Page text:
Jesuit

(3 syl.). When Ignatius de Loyola was asked what name he would give his order, he replied, “We are a little battalion of Jesus;” so it was called the “Society of Jesus,” vulgarised into Jesuits. The society was noted for its learning, political influence, and “pious frauds.” The order was driven from France in 1594, from England in 1604, from Venice in 1606, from Spain in 1767, from Naples in 1768; and in 1773 was suppressed by Pope Clement XIV.; but it revived again, and still exists. The word is used by controversialists to express one who “lies like truth,” or palters with us in a double sense, that “keeps the word of promise to our ear, and breaks it to our hope.”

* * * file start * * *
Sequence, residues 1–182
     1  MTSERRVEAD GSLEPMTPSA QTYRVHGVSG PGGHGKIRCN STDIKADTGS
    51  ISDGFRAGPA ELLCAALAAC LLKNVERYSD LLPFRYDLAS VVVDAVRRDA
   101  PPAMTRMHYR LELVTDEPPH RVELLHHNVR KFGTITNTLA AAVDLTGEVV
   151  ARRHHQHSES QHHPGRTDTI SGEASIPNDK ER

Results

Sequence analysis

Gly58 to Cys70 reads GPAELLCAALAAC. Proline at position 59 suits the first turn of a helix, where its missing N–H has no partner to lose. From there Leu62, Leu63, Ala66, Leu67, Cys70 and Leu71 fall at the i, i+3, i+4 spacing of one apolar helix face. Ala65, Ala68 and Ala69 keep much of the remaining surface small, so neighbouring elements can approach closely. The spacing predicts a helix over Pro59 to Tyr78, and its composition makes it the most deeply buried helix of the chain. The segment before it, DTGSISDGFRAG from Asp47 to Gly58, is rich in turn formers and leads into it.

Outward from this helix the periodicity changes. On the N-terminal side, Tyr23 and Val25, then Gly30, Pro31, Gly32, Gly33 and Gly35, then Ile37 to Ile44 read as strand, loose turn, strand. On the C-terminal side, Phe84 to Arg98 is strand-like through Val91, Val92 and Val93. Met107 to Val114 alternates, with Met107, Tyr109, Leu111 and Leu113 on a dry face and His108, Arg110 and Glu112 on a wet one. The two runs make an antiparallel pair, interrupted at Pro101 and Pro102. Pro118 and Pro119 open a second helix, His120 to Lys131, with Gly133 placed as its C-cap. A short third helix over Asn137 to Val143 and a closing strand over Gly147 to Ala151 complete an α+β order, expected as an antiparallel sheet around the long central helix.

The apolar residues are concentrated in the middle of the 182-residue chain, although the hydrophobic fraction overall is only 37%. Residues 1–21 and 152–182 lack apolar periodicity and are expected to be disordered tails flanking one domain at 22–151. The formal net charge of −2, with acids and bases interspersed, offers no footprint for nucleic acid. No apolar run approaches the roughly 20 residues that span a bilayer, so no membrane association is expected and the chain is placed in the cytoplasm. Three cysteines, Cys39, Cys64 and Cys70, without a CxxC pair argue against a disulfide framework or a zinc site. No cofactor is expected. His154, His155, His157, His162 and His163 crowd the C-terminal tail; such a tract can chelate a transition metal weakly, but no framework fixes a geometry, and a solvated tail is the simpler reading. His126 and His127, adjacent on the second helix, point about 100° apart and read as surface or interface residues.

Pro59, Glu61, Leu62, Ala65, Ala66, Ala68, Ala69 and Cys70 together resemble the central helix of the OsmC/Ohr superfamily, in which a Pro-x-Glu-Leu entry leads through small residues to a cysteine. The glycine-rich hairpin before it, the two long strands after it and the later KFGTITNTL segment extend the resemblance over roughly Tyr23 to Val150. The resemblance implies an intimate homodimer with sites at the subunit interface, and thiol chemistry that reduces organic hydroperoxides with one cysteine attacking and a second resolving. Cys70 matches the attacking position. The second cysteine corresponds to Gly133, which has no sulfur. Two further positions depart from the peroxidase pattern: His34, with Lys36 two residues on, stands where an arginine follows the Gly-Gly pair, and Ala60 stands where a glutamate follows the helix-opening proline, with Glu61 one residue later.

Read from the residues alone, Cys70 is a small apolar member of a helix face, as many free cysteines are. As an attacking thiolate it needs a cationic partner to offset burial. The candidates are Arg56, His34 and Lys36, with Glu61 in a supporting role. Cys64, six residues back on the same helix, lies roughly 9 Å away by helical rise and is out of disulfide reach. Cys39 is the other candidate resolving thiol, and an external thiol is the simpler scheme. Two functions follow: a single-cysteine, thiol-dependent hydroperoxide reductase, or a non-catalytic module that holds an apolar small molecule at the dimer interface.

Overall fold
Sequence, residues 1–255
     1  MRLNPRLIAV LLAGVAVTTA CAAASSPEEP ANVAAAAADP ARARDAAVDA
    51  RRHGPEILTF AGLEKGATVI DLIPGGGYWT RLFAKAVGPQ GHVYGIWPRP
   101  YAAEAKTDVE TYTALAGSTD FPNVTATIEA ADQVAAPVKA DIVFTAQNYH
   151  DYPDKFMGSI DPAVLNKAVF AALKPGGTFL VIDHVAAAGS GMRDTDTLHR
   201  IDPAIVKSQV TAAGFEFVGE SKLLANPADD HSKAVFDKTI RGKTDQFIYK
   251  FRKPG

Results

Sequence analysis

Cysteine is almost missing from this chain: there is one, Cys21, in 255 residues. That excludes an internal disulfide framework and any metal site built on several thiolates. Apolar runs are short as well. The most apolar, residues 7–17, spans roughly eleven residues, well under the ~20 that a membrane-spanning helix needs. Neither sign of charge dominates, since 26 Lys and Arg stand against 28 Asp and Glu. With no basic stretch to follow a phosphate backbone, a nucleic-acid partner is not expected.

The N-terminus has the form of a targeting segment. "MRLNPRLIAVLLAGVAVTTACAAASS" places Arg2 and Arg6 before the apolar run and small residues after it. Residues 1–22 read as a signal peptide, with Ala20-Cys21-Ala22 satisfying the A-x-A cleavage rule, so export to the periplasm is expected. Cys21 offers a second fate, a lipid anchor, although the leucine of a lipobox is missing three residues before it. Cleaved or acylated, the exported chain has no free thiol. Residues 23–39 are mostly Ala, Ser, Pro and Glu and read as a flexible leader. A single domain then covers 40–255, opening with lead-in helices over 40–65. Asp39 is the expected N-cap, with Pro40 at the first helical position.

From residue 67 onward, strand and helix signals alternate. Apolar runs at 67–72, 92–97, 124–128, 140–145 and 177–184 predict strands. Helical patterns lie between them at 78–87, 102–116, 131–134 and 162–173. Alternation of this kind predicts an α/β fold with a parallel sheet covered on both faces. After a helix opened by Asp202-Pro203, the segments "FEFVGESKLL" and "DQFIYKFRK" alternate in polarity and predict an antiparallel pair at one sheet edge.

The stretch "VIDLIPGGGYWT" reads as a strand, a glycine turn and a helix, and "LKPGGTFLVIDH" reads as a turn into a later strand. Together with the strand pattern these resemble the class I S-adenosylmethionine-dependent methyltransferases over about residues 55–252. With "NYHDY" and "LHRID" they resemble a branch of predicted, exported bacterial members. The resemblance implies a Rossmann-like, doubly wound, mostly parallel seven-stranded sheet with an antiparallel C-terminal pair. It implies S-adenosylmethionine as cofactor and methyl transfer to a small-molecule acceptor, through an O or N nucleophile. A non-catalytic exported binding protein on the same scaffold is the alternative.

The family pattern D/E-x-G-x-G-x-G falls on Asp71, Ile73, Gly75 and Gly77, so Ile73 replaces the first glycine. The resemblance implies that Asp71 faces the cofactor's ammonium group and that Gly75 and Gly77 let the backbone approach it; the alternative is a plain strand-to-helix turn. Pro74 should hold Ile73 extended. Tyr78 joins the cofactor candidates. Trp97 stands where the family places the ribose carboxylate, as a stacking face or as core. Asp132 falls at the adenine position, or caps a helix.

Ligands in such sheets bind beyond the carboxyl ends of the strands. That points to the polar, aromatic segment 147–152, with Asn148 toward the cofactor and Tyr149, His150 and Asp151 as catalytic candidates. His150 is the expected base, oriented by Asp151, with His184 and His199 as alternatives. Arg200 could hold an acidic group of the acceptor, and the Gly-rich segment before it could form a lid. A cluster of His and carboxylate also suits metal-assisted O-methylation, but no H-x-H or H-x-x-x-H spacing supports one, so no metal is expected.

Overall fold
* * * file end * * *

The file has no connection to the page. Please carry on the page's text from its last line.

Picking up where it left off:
Source: Dictionary of Phrase and Fable, E. Cobham Brewer, 1894
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